Toasted almonds. Photo courtesy California Almond Board.
Updated June 2012
How To Toast Nuts
It’s Easy, In The Oven Or On The Stovetop
Numerous green salad and fruit salad recipes and sides dishes call for toasted nuts. Toasting takes the bite out of walnuts, and adds mellow dimensions of flavor to all nuts. Toasting can also bring life back to nuts that are old and soft.
You can add them to pastas, rice, vegetable dishes, soups and as plate garnishes. They’re a delicious addition to French toast, pancakes and waffles.
- Always toast whole nuts or halves first, then chop into smaller pieces if desired.
- It’s best to toast them as close to serving as possible—fresh-toasted nuts have a wonderful aroma and if warm, are even more wonderful. However, toasted nuts can be stored in the refrigerator in an airtight container for 1 to 2 weeks.
- Preheat the oven to 350°F.
- Place nuts in a single layer in an ungreased shallow pan or a rimmed baking sheet such as a cookie sheet or jelly roll pan. A baking sheet without sides is not recommended, as it’s easy to tip the sheet when removing it from the oven, and the nuts will end up on the floor.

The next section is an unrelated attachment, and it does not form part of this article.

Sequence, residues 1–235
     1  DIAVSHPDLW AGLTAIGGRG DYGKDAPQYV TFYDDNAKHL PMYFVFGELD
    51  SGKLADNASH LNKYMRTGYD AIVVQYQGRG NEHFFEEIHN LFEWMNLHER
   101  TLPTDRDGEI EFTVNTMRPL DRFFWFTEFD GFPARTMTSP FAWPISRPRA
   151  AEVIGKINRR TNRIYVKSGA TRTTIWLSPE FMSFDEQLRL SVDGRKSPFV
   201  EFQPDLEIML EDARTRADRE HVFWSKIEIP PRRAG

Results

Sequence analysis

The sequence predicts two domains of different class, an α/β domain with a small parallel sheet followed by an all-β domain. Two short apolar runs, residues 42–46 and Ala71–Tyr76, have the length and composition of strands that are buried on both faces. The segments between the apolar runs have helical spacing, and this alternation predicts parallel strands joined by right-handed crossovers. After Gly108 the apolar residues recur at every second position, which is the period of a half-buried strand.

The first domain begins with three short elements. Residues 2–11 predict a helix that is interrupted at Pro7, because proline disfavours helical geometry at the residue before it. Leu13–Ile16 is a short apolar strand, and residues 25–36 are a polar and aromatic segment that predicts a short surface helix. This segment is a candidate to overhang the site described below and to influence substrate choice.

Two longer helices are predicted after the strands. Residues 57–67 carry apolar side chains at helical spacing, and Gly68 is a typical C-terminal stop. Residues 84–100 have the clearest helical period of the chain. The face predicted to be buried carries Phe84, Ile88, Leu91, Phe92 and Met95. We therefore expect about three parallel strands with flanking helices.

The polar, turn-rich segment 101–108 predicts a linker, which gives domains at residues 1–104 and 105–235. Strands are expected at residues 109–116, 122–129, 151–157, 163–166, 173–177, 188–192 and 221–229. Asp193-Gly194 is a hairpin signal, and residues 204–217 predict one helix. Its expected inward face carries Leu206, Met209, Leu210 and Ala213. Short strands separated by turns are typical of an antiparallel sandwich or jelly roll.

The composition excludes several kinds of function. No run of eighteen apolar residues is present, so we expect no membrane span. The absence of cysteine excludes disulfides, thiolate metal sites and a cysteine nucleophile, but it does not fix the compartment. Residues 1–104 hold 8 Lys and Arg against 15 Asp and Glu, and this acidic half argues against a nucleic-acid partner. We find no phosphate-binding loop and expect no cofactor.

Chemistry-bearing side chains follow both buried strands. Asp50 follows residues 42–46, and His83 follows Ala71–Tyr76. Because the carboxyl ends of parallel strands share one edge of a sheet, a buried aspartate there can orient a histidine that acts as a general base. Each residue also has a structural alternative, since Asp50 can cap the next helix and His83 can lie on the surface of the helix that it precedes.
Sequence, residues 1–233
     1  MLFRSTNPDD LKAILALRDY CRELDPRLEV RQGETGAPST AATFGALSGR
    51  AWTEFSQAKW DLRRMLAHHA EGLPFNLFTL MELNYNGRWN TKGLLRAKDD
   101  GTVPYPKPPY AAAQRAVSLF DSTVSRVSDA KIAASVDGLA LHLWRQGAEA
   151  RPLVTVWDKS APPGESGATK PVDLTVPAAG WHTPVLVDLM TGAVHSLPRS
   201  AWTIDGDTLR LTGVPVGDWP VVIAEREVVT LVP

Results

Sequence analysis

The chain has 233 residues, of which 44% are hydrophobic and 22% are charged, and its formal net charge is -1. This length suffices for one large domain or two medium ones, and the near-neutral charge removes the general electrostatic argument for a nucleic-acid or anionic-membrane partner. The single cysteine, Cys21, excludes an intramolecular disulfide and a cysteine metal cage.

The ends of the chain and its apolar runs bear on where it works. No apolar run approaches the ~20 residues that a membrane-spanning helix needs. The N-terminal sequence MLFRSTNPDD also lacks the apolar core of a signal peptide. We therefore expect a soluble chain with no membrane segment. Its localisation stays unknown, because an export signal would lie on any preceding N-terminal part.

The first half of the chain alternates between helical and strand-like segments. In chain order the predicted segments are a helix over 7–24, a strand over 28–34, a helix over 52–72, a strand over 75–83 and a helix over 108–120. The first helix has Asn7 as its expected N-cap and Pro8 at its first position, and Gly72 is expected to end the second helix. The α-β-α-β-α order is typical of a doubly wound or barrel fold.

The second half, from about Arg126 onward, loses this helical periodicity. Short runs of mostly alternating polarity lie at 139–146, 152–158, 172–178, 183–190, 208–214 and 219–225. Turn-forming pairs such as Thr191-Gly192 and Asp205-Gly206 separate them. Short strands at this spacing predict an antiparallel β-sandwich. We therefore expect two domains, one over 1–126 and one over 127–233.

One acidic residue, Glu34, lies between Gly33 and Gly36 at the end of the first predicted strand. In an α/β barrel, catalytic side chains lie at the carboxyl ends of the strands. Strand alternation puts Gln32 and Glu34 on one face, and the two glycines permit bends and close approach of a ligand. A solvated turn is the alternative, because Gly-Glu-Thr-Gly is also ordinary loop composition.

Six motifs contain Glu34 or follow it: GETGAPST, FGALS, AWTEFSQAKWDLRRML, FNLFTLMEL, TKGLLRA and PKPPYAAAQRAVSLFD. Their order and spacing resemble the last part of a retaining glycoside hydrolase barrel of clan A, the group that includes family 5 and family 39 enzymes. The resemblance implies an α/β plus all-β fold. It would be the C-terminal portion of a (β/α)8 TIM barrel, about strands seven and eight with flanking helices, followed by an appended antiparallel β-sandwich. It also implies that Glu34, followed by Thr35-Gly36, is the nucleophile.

- Bake for 5 to 10 minutes or until the nuts are golden brown. Shake the pan during toasting to even the browning. Then remove from pan to cool.
- Like all cooked foods, nuts will continue to cook when removed from the oven, so don’t over-toast—err on the side of under-toasting.
Stove-top toasting works well for a small amount of nuts. It doesn’t toast as evenly as the oven method because the heat isn’t as even: the nut surface touching the skillet becomes darker in color. But, it works fine for most purposes.
- Preheat a dry, heavy skillet over medium heat.
- Add the nuts and toast for 1 to 2 minutes, or until they’re golden brown and give off a rich, toasty fragrance.
- Stir or toss walnuts constantly for even toasting—it’s easy to burn the nuts in pan-toasting.
- Remove from pan to cool.
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